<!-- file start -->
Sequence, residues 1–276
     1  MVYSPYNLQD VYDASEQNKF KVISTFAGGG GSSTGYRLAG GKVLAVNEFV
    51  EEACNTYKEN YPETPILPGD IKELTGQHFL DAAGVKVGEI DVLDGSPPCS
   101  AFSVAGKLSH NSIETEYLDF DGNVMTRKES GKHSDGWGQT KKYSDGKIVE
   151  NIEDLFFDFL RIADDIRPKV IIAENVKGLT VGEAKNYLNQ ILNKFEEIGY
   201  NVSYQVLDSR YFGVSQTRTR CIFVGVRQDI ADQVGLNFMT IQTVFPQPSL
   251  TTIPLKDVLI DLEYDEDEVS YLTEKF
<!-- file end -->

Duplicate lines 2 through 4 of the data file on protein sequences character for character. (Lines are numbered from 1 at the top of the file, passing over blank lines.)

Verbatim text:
     1  MVYSPYNLQD VYDASEQNKF KVISTFAGGG GSSTGYRLAG GKVLAVNEFV
    51  EEACNTYKEN YPETPILPGD IKELTGQHFL DAAGVKVGEI DVLDGSPPCS
   101  AFSVAGKLSH NSIETEYLDF DGNVMTRKES GKHSDGWGQT KKYSDGKIVE